A Natural History of Dragons is a fantasy novel that I’m buddy reading with Sir Besty. It’s essentially the memoir of a woman named Lady Trent as she shares how she became infatuated with dragons, and how that very special interest turned her into an adventurer and expert on these creatures when she least expected it. While it’s a tad bit slow and not quite what I had expected, I am still liking it a lot. The structure and descriptions definitely make it feel like the journal of a scientist. The technical talk is probably what makes it feel so sluggish at times. I’m curious to see how it shall end and if there is a lead into the next book at all. I’ve about 70 pages left in this one.
Territory of Light by Yūko Tsushima
Territory of Light is a novel by Osamu Dazai’s daughter and that was my number one reason for checking it out. People who’ve been following me for a while may have heard me gushing about Osamu Dazai, as he’s one of my favourite authors along with Ryūnosuke Akutagawa and Natsume Sōseki. This book follows a young woman who has recently separated from her husband along with her daughter, and how they try to start their lives anew. She must face everything she lost in order to figure out who she is as a person who must move forward. I’ve read the first chapter and, while you can see a bit of her father’s influence in her writing, the style and essence are very unique and separate from him. I’m loving this dearly and plan on buying my own copy the next time I’ve some money to spare.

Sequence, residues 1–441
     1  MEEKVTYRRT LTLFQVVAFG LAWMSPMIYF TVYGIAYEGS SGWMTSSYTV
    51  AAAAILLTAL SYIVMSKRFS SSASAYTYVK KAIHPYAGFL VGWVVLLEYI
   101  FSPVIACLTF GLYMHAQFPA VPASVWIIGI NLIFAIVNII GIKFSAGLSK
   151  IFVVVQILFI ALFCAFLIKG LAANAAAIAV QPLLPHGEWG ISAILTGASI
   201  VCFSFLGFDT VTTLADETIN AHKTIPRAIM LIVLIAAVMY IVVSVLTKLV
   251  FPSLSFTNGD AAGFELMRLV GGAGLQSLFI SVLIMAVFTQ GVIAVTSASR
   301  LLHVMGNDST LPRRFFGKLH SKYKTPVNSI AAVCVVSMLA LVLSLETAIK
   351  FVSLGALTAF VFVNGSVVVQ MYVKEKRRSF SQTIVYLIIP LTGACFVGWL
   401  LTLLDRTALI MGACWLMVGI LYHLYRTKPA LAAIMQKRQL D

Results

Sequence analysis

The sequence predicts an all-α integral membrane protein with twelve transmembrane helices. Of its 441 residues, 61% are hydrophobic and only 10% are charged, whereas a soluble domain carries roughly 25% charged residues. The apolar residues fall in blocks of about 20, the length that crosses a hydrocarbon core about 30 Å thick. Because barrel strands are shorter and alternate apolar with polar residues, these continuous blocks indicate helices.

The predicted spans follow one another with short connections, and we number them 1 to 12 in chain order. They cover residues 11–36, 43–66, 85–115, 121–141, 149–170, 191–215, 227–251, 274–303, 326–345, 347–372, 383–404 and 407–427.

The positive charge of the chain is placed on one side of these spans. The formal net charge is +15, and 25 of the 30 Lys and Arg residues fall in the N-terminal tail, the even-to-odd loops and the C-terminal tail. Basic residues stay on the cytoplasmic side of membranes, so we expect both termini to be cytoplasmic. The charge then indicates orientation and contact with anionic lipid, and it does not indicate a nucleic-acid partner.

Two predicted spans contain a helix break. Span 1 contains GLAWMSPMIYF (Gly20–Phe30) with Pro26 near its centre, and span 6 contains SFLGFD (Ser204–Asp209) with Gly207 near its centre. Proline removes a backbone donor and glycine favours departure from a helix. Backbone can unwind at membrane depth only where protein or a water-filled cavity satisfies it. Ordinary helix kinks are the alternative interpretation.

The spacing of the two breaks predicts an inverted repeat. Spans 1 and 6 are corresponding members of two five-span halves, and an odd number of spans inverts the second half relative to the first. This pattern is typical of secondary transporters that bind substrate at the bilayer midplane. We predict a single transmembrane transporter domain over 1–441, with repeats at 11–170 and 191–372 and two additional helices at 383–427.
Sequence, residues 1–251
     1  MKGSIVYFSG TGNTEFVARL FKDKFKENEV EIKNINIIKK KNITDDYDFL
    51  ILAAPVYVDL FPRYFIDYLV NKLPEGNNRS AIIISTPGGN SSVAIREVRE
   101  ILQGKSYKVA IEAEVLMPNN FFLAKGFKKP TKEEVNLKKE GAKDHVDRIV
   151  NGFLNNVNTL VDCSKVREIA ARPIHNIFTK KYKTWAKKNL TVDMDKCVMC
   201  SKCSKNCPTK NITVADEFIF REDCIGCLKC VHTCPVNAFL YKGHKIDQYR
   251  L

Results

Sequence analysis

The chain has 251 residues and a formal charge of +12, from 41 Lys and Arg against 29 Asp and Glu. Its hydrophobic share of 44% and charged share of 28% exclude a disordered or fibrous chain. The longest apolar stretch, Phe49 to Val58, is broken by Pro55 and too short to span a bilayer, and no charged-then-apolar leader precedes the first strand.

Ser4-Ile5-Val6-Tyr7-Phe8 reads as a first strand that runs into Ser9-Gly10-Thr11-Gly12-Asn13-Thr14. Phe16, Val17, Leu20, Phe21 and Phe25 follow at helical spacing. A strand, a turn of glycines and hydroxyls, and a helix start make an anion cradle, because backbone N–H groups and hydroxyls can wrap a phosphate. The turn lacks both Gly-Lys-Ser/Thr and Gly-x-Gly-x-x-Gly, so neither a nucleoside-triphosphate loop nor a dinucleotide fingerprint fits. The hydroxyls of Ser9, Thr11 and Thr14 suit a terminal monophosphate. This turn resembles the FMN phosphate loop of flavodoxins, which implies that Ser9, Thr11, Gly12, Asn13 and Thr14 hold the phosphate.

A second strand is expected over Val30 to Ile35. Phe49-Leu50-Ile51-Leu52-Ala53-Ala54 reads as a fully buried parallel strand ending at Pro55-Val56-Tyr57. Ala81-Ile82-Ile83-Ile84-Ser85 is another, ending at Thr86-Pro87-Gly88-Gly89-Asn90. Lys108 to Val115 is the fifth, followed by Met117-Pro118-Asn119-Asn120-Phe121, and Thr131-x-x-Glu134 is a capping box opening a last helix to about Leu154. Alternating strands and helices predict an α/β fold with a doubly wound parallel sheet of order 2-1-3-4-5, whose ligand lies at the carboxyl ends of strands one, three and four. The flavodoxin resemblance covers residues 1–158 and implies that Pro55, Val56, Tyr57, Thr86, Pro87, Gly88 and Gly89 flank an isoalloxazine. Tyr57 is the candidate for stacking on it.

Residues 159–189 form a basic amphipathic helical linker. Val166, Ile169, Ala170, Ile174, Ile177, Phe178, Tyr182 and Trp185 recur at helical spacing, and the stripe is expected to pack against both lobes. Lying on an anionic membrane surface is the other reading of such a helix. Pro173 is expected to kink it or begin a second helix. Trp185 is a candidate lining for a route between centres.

Cloud of Sparrows (Samurai #1) by Takashi Matsuoka
Cloud of Sparrows is the first instalment in an #OwnVoices Japanese historical duology that begins in the year 1861. It follows a couple of Western people who have arrived in Japan with the hopes of fleeing their pasts, and a Japanese lord named Genji who believes that these foreigners will be the key to salvaging his future. I’ve been wanting to read this series for many years, but it’s a very difficult one to locate as it’s out-of-print. When I saw my library had it, I snagged both instalments. Even though it has super low ratings on GoodReads, I’m quite ecstatic to check it out. I’ve read snippets of it and I think the biggest issue most people probably had with it is how dated it can feel.